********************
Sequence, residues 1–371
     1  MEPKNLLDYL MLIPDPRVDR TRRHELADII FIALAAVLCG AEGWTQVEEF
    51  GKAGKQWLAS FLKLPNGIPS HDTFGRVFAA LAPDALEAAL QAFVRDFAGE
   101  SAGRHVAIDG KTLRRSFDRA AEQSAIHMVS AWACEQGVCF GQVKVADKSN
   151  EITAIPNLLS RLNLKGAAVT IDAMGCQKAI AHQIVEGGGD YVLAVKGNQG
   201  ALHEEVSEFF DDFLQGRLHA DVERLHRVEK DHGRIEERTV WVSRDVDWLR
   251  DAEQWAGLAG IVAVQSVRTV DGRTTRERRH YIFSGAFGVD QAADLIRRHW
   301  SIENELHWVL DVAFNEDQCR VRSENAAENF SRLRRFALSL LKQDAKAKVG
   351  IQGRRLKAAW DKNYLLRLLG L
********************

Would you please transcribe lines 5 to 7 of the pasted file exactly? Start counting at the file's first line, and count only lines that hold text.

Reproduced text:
   151  EITAIPNLLS RLNLKGAAVT IDAMGCQKAI AHQIVEGGGD YVLAVKGNQG
   201  ALHEEVSEFF DDFLQGRLHA DVERLHRVEK DHGRIEERTV WVSRDVDWLR
   251  DAEQWAGLAG IVAVQSVRTV DGRTTRERRH YIFSGAFGVD QAADLIRRHW